Excavated Site In Denmark May Be The Royal Hall From "Beowulf"

Beowulf, Site of Lejre Excavation
images courtesy Wikipedia and Roskilde Museum/Flemming G. Rasmussen

A team of archealogists in Denmark have unearthed a great dining hall in a field in Lejre that they believe not only belonged to the real-life King Hrothgar, but was the setting for the anonymous Old English poem Beowulf, David Keys of the Independent reports.

The archeologists – led by Tom Christensen, director of the Lejre investigation – have so far managed not only to find, excavate and date the late 5th or early 6th century building most likely to have been Lejre’s first royal hall (described in Beowulf as `the greatest hall under heaven’), but have also succeeded in reconstructing what was on the menu at the great feasts held there.

Excavations in the area over the years have yielded plenty of treasures dating back from approximately 500 to 1000 AD, according to BBC History Magazine. Archeologists "identified as many as 40 pieces of jewelry, including some made of solid gold, together with pottery drinking vessels imported from England and Germany."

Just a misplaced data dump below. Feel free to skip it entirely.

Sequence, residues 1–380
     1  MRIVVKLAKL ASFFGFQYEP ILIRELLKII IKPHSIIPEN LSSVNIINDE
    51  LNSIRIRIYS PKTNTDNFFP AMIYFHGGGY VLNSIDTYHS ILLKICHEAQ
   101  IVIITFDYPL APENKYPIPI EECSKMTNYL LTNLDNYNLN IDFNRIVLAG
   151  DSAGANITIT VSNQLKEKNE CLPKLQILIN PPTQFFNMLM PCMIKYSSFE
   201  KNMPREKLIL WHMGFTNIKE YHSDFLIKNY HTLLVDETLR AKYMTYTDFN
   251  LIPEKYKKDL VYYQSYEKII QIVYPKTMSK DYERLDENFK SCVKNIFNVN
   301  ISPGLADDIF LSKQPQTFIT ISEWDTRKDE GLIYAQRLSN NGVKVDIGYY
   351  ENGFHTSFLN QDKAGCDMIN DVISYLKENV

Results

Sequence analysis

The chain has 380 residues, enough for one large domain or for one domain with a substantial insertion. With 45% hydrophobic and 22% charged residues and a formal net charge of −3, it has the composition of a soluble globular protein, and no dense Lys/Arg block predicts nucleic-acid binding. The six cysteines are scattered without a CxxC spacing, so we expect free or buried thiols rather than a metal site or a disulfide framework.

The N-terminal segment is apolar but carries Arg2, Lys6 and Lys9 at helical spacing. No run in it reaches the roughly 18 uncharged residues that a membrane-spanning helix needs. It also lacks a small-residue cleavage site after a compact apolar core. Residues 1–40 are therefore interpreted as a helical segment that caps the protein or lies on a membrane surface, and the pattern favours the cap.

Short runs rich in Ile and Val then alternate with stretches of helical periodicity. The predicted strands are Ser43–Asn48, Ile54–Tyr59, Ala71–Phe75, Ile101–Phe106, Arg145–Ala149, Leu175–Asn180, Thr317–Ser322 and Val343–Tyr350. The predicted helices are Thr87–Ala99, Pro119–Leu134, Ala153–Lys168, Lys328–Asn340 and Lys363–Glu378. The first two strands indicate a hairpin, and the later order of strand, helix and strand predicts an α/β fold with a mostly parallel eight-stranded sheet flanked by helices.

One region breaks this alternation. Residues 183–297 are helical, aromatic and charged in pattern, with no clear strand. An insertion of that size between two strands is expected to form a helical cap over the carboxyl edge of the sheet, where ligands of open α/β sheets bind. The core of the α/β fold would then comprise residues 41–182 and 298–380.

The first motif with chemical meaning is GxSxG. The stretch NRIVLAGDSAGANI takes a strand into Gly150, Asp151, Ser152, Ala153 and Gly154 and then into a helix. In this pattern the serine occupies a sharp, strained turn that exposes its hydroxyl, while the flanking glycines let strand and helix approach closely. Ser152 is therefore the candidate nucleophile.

John Niles, a former professor and an expert on the Lejre site and its surrounding area, spoke to The Huffington Post about the importance of the discovery:

The halls were the focal points of a larger settlement complex that included probable workshops, barns, ordinary dwellings and places of religious activity. Archeology has thus confirmed what textual sources that date from a thousand years ago consistently maintain: that Lejre was a 'central place' that became, in the course of time, the cradle of the modern kingdom of Denmark.

Now if they could just find Grendel's skeleton…Or better yet, the real Hogwarts. 

What literary places—real or imagined—would you like to see unearthed?

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